The heated propagation trays are really speeding up the seedlings, but some are coming up a bit leggy and spindly.
I read that it helps to offer the seeds a bit of shade, as they can get leggy because it’s too bright.
So I grabbed a scarf to cover the seed trays. As this happens to be a very sparkly scarf, it gives the seeds both a bit of shade and a rather glamorous makeover.
This scarf usually stays packed away till Xmas but it’s good to see it shine in February!
I’m trying to be relatively restrained with the number of seeds sown this early in the year, because each plant from the propagator will need to grow on in the greenhouse until it’s garden ready – and there is limited space in there.
The Propagator has started a trial to see how well early seeds do against those sown later in the year. I’m watching this with interest but personally prefer to have a few seeds on the go in February- just because I like a few green shoots around.
8 thoughts on “Sparkly seedlings”
Ooh a link! First one, how exciting. Do you think they might be leggy cos there’s not enough light? I’m stretching for what light there is? Guess they’ll get even leggier if so. Very smartly attired, regardless…!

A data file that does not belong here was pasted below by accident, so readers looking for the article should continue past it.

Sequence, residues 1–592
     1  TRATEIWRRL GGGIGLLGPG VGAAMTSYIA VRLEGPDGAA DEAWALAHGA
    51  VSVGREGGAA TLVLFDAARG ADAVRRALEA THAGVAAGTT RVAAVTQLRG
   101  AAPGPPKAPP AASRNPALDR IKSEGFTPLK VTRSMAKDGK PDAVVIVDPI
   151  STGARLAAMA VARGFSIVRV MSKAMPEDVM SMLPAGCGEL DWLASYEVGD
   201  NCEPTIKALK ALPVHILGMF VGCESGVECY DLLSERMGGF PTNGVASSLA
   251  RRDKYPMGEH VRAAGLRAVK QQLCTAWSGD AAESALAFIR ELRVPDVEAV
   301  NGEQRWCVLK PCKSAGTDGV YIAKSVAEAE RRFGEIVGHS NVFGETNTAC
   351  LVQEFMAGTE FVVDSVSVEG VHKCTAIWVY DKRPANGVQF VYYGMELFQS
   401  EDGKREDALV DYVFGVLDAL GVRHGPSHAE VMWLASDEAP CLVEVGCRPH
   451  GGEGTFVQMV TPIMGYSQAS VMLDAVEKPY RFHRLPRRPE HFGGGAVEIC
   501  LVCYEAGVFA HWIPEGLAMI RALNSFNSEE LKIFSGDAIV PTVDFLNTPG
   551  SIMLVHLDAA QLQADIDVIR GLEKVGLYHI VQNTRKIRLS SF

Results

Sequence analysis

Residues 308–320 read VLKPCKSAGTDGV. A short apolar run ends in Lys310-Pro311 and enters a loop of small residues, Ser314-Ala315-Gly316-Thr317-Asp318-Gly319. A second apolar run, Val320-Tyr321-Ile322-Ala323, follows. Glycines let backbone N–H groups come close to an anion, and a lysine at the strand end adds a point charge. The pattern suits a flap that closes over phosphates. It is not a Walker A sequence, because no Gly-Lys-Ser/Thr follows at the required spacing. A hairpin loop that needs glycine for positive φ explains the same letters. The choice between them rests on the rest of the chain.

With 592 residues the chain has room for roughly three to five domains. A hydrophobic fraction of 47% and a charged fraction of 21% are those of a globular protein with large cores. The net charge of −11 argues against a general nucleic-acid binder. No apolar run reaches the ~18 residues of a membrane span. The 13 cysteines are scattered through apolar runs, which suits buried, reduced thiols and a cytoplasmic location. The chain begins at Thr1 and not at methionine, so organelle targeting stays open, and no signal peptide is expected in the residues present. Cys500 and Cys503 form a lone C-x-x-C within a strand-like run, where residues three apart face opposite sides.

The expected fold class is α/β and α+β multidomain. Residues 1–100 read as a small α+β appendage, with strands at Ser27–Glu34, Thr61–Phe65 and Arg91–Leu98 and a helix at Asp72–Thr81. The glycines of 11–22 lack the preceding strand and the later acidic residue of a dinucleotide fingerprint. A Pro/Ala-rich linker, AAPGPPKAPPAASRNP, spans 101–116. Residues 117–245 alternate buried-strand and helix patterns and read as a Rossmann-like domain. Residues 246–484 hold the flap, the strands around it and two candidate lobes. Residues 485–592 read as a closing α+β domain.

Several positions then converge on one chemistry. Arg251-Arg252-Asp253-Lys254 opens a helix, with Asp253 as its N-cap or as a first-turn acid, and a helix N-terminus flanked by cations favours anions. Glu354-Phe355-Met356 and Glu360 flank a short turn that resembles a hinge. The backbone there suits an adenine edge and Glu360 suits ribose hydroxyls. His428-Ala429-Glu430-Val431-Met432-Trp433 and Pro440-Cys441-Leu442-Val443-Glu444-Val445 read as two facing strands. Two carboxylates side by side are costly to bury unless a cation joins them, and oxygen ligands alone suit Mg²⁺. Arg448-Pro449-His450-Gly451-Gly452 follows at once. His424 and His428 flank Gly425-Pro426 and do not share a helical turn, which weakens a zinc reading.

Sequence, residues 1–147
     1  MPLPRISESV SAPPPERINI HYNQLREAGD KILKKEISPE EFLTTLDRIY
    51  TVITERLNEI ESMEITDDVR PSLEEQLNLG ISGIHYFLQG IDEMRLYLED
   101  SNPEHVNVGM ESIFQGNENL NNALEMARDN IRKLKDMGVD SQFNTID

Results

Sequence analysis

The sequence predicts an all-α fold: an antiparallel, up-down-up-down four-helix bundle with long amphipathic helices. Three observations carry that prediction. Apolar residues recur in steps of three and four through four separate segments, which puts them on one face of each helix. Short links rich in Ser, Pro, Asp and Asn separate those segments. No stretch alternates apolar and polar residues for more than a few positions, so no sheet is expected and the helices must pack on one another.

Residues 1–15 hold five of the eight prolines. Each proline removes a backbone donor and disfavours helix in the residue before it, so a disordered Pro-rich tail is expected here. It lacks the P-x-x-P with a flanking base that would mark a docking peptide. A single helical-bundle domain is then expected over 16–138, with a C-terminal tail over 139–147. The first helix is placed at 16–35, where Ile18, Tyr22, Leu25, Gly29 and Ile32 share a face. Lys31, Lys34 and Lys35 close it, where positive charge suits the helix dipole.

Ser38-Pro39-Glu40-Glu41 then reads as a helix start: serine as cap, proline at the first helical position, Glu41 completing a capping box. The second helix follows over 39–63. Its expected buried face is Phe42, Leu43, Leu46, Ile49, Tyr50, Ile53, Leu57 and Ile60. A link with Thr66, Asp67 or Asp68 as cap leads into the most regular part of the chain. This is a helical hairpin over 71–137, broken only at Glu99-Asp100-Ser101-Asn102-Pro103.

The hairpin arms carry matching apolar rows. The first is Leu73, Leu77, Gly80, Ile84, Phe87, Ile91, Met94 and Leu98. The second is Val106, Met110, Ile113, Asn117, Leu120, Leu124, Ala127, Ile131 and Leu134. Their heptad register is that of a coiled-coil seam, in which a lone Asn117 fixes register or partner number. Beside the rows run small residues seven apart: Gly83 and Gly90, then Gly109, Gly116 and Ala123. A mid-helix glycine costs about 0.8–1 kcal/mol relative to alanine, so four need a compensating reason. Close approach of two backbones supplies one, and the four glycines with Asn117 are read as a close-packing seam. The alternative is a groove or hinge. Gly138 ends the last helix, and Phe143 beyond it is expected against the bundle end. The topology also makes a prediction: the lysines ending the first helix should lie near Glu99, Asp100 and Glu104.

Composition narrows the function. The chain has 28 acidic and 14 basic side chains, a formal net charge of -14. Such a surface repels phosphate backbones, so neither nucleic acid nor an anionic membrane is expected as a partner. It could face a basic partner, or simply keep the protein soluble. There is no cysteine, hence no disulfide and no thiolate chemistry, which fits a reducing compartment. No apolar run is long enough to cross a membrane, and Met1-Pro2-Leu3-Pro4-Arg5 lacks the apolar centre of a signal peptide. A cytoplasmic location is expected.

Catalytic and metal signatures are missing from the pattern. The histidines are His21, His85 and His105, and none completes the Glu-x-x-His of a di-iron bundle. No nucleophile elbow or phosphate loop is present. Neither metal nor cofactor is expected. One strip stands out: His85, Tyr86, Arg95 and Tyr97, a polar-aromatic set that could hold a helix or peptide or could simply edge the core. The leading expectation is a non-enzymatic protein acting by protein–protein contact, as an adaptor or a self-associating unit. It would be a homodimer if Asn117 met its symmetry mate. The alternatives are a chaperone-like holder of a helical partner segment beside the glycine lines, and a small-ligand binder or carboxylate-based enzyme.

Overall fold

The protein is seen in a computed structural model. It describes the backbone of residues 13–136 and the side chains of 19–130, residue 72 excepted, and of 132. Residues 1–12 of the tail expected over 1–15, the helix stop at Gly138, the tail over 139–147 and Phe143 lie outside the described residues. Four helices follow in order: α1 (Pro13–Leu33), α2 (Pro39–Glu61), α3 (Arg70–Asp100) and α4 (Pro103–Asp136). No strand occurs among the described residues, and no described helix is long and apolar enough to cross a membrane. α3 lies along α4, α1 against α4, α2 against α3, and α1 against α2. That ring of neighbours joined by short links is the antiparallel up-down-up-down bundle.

They’re on a sunny, south facing window sill, so my guess was too much rather than not enough light- but I don’t know! I’ll keep an eye on them and see how they get on 🙂
Might well be. Either way, enquiring minds need to know, do post an update.
I’d bet on the “not enough light.” Too many times, we think it’s a sunny windowsill, but discount the number of foggy/cloudy/stormy hours that actually occur. Surprisingly, even when I had commercial greenhouses, sometimes there was not enough sunny hours to keep plants compact.
Thanks very much for the advice. It’s been a gloomy grey day today so the seeds are unshaded. I think I’ll follow your advice and keep them that way 🙂
I agree this is a insufficient light issue! See https://www.gardeningknowhow.com/garden-how-to/propagation/seeds/leggy-seedling.htm for any overview. It makes sense intuitively too – the plant nodes stretch out to reach for light, at the cost of structural integrity 🙂
Conversely, you can experiment with high light settings, and induce the opposite effect – short stubby plants that are very bushy. The space in between nodes will be a lot shorter.
Also check out https://www.maximumyield.com/are-your-plants-getting-enough-light/2/1231
If you are really curious, there are cheap light meters on Amazon – they are OK in my experience but can give you an idea of the number of hours per day of light a given are gets.